Who doesn’t love neuroscience? For a couple of hours, every spring, we can’t imagine anyone not having fun with brain studies. These are the hours we spend at our university’s annual neuroscience fair.

The boys get to see some fun exhibits and collect a little free swag. I get to revisit my theory about the neurons in the heads of little boys. In a nutshell, this theory posits that random testosterone spikes surge up the spines of boys to the brain neurons, causing entire lunchrooms full of synapses to have violent slap fights, resulting in periods of frenzied naughtiness. I have yet to get any of the science fair officials to endorse my Theory of Frenzied Naughtiness, but it’s only a matter of time.

The big draw at the fair is the cow eye dissection. You have to sign up in advance of one of the dissection programs – cow eye supplies are limited. In the past we’ve always arrived after the sessions were full. This year we got there early and secured a pair of eyes for our family.

While we waited for our session to begin, the boys touched some brains, did some surgery, and invested in the longevity of their own fledgling cerebrums with free bike helmets. Free bike helmets and cow eyes – and I always thought the only perks early birds got were worms.

Ever wondered what a Zombie buffet looks like?

He preferred performing surgery on the cherry flavored brain.

Wrapping up some precious little noggins.

In the dissection room, we donned our rubber gloves. If you can get a two-year-old and a four-year-old into rubber gloves before the event is over, you earned your cow eye. Nobody deserved those eyes more than we did.

Big Man and Big Brother shared their eye with Mommy. Buster worked with me. You might think an eyeball would be a hard nut to crack with a little pair of scissors, but if you squeeze that bovine peeper tight in your other hand, you can snip your way into the gooey center without difficulty. It helped that a couple of strategic slits were pre-cut for us. I had to wonder who got the plum job of scoring a hundred eyeballs. They should get an A on their freshman midterm.

We put our two best surgeons on this case.

Look: there’s a toy surprise inside.

There were nice, big placemats for us to work on, but every time Big Brother had a question, he would carry his preservative-dripping eye over to me, trailing eyeball juice on the table. The scientists were tolerant; this must not have been their first experience with young surgeons.

Knowledge gained, we left the operating room to go paint a brain. I don’t know a better way to wind down from a tense operation than with a little light brain painting.

A little orange makes it think better.

Then we sampled a magical berry extract that makes lemons taste sweet. It was interesting, but I’m not sure I want sweet lemons. I’m just an old prude, clinging to my traditional values about citrus. Before I could break into a rant about how the younger generation and their newfangled science was ruining tart, my family took me home.

The new breed of mountain men: more cute, less mountainy

If having children means one thing, it’s saying goodbye to your simple pleasures. This is why I don’t read anymore. Now, when I want to relax, I go to the kitchen and pour apple juice into a plastic cup. What do I do for fun? I pour apple juice.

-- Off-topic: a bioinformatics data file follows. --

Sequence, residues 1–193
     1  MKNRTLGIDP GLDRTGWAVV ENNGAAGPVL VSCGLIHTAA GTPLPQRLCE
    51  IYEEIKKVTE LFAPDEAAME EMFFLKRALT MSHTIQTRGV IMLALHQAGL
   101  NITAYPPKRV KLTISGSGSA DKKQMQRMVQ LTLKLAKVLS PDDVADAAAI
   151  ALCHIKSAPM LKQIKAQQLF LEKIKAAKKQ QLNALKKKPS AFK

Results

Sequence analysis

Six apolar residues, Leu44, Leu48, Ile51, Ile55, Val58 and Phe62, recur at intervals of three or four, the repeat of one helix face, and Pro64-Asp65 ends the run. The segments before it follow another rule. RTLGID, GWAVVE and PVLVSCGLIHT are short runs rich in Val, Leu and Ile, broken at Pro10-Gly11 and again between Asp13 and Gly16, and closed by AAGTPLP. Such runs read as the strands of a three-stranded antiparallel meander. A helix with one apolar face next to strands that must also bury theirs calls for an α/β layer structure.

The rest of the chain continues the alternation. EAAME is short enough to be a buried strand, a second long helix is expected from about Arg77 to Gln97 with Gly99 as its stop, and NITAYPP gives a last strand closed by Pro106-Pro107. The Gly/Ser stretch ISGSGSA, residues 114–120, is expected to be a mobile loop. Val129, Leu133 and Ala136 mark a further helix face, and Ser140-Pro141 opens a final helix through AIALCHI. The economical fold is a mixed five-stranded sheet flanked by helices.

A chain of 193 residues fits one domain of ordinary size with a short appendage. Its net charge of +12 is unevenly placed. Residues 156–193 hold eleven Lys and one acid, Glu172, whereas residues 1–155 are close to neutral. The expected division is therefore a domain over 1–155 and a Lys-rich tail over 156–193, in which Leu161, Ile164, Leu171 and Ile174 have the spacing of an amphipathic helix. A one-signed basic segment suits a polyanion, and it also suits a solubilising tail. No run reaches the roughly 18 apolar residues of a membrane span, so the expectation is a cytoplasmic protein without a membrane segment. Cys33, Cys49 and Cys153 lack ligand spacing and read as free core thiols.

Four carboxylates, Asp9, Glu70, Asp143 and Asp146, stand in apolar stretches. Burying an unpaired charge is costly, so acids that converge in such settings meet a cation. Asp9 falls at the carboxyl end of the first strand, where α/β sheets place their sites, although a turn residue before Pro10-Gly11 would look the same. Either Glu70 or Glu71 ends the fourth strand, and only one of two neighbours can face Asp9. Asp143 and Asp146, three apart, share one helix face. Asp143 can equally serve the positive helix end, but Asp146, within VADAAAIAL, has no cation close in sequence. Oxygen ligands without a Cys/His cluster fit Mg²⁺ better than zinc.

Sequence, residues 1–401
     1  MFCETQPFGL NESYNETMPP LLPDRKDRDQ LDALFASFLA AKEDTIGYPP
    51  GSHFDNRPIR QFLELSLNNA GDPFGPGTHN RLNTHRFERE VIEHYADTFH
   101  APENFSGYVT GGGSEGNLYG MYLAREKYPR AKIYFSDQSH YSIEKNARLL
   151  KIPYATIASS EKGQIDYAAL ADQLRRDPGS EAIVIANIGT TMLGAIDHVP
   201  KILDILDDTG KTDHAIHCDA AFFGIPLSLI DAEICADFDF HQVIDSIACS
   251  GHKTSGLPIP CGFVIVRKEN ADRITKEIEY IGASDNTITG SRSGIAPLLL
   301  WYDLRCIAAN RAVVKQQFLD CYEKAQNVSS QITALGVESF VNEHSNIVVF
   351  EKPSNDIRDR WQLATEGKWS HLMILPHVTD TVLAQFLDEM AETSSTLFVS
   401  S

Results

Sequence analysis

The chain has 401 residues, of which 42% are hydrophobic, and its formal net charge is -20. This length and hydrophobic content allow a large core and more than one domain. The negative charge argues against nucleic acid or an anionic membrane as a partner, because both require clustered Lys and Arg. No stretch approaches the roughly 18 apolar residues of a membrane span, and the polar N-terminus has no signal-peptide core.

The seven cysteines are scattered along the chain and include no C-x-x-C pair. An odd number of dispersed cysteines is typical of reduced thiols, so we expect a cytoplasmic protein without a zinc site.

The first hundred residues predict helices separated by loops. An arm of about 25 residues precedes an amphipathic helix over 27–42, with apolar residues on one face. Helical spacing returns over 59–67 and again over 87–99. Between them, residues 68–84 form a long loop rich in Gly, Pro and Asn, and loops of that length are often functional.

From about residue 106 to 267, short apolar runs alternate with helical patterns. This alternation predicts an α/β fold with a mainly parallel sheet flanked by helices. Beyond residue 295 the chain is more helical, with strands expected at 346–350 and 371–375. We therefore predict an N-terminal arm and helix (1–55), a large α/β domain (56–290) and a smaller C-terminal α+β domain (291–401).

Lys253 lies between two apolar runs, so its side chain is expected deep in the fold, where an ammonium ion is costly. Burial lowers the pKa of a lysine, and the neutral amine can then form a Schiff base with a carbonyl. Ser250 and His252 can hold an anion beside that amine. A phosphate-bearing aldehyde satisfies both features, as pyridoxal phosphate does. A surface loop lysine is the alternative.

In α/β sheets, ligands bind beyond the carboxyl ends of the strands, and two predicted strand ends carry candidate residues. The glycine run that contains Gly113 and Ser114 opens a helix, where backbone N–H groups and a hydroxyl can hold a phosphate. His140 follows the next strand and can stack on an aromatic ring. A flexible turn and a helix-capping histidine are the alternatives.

Another simple pleasure I’ve missed is walking in the woods.

Up until now, there’s always been one kid  too small to make a worthwhile walk in the woods. Strollers are fine for neighborhood walks, but only the jogging stroller could be useful in the woods. We have a jogging stroller, somewhere. It’s been banished to the basement for eight years as part of my wife’s prejudice against vehicles without steerable wheels.

Baby carriers? Nope. Not gonna do that to my walk in the woods. I am precious few years away from needing someone to carry me. I’m not going to waste this time pounding the final nail into the coffin of my posture.

Last Sunday, when my wife proposed going for a walk, I said I would like to do that very thing, in the woods. In the following silence, my family looked askance at me, wondering with their eyes if there were not sidewalks in such a place.

Buster, the adventurer, was first to sign on to the expedition. I knew I could count on Big Man to join as soon as he saw the two of us putting on our shoes. Big Brother was reluctant, having reached the age of philosophical objection to the act of walking for its own sake.

Since no neighborhood kids were playing outside, Big Brother caved in to going with us. The only detail remaining between us and the woods was the traditional parental argument over adequate apparel. A day in the mid 50˚s, brings out the sharp differences between Mom and Dad over the necessity of hats and gloves. Mom won, and the boys started out overburdened with accessories that will hinder them developing into proper mountain men.

Mom is lukewarm to anything having to do with nature, but fearing hats and gloves would be discarded the moment we were out of sight, she decided to come along.

It was a beautiful day for an adventure.  People got dirty, but nobody fell into freezing cold water, though that temptation was present. The boys learned that steep hills become slippery slopes when covered with fallen leaves. I discovered there is still at least one biting insect flying around our parts in mid-November.

Best of all, nobody required carrying, not even me. Big Man was standing on heavy legs by the end, but he soldiered through. Maybe he’ll make a mountain man yet, despite how cute he looks in his winter hat.

At the end of the day it was unanimous: we want to do this again. Now, if I can only get them to read with me, we may rediscover the simple pleasures.